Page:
08 July 2008

The case of the marching morons

A week doesn't pass without a reminder of that powerful image. What caught my fancy this time? Oh, it's simple. Just finished reading a great book: The Road by Cormac McCarthy - yes, the author of No Country for Old Men, disliked by some people (dunno, I am not sure I'll read this one after all).

Anyhow, rumbling when I should be grumbling... the post was meant to be about these endless blurbs that use about ten percent of the paper in that paperback edition. Usually I skip them to protect my digestion, but this one appears at the top of the back cover, so I read it rather involuntary:

The first great masterpiece of the globally warmed generation....
It is by one Andrew O'Hagan who (I have just discovered) is himself a writer of note. To my chagrin, I've never heard of him. But there are other ten million writers I have never... rumbling again, I am afraid.

So what is it about that quote that caused my displeasure? Of course, Cormac McCarthy does not belong to the "globally warmed generation", being born in 1933. Of course, the book itself develops (majestically) on the background of a nuclear winter, which is, I suspect, more of a writer's tool and a writer's privilege. Mere misunderstanding of this technicality shouldn't be counted against Mr O'Hagan.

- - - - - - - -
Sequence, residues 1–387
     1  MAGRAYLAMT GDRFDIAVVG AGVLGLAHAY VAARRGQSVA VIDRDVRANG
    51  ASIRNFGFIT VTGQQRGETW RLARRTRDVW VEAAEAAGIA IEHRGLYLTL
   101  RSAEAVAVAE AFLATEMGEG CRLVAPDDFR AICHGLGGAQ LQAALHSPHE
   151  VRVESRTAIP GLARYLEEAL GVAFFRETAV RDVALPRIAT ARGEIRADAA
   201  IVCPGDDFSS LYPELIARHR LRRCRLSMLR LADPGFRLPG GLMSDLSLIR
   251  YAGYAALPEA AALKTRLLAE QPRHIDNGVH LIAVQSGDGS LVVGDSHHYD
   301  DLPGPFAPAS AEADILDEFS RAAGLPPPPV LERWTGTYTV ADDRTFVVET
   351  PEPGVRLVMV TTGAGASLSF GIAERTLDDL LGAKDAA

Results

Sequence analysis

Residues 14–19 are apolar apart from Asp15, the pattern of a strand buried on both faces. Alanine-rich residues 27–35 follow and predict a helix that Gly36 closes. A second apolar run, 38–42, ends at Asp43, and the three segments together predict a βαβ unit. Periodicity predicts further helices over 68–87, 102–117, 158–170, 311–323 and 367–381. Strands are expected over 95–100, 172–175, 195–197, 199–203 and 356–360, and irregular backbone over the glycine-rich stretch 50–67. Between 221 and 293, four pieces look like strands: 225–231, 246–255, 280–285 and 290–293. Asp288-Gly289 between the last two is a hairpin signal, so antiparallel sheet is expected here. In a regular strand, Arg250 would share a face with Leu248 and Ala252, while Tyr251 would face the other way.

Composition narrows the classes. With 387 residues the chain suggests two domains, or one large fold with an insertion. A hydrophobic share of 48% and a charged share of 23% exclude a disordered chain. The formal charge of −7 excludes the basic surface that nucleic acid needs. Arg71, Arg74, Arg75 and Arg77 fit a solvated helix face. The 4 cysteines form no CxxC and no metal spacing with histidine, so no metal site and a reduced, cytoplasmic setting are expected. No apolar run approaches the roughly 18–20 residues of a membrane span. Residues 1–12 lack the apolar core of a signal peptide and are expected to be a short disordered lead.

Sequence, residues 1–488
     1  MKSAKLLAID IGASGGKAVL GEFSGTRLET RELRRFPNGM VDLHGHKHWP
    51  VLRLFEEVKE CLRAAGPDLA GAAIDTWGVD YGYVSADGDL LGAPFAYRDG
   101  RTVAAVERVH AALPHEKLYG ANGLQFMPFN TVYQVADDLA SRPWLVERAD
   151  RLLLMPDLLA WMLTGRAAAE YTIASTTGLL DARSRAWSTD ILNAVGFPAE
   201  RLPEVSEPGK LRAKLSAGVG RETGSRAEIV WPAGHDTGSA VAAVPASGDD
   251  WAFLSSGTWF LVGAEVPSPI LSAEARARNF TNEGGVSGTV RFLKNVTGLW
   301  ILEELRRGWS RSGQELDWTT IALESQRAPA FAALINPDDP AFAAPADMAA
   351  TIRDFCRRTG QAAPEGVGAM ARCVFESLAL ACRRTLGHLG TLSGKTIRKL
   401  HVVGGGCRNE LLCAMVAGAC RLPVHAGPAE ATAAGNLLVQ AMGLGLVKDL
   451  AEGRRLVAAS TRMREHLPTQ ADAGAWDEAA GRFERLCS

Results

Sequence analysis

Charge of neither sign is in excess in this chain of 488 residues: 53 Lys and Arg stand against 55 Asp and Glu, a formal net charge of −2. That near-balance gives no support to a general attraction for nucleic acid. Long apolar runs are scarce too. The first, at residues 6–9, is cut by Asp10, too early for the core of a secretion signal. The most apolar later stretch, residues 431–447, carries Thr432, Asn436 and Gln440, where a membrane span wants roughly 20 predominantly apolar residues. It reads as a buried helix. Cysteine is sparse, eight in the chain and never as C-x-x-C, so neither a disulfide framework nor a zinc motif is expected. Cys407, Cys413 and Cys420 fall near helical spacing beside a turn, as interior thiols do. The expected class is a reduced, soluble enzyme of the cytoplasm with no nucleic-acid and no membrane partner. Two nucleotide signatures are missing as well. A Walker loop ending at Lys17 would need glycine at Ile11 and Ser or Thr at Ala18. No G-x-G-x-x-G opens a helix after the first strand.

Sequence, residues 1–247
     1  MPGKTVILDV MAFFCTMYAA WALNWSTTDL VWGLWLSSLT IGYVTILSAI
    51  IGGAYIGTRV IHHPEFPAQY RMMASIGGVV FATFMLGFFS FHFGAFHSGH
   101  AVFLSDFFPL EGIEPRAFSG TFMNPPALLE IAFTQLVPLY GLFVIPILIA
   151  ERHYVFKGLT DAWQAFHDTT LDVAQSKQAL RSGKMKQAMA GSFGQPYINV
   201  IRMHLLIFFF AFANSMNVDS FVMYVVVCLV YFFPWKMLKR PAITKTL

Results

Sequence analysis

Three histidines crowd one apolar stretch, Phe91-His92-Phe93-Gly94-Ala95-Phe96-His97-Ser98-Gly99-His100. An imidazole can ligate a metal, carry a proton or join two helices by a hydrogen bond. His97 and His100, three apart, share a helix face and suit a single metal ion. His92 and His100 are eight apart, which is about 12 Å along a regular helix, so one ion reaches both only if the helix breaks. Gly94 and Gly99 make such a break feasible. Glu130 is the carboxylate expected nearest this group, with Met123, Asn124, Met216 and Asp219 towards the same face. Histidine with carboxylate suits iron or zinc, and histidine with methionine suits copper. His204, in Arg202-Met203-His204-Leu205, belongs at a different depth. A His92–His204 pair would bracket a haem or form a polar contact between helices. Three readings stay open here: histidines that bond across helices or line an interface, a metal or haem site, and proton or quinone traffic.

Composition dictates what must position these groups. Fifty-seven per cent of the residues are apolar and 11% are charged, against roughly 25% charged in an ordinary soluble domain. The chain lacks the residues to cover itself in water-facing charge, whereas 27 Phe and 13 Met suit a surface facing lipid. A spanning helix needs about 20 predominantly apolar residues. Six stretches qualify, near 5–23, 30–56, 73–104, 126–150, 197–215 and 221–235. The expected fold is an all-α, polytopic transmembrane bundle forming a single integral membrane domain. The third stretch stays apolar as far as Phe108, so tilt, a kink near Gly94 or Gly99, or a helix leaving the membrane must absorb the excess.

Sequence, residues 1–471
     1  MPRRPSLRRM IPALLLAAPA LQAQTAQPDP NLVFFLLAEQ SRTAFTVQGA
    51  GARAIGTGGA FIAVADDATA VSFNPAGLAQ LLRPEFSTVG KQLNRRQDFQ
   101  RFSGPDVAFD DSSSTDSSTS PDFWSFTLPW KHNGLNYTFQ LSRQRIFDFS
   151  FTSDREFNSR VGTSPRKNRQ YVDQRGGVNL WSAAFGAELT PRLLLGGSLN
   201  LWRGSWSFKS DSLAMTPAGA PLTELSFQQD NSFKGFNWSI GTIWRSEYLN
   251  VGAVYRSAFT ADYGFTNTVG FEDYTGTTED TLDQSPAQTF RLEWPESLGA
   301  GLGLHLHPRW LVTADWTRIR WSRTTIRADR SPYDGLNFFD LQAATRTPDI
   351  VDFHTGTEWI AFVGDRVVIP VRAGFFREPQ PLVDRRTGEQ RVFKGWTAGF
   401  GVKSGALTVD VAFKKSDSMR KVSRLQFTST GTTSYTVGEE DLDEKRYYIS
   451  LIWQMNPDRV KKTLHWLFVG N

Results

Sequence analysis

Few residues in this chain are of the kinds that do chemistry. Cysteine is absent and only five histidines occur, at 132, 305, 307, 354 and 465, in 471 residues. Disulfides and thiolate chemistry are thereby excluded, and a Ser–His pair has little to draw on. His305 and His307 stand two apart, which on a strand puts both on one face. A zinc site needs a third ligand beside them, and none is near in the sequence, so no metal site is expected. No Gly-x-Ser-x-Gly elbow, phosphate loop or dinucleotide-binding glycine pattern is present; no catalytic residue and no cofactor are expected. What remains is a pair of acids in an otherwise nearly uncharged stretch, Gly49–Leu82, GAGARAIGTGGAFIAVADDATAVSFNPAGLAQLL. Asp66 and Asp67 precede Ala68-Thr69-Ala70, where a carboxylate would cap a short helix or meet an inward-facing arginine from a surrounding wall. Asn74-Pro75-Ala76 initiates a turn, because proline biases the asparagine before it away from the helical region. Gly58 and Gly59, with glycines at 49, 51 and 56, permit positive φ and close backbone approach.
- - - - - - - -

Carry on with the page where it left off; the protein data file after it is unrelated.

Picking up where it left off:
Yeah, well, it's mostly about morons in general. Morons, you see, could be made marching for any cause, good or bad - or even several cases at the same time. Morons are fed on the current slogans and our deep - seated fears and there is nothing more frightening* than an enthusiastic moron in the throes of the latest political, social or other fad. Because marching morons are easily directed to stomp anything in their way... oops, where does this rumbling end?


Of course, that unfortunate "globally warmed generation" could be just a figure of speech, and Mr O'Hagan didn't really mean... whatever. And of course, it's unfair to judge a person basing on one unfortunate sentence. But there is another problem - doing some minimal background research on the man, I came to an inescapable conclusion: Andrew O'Hagan is a moron, after all. Proof.

(*) It's also a figure of speech. Bad habit. Surely, cockroaches, earthquakes and many other things (to many other people) are more frightening.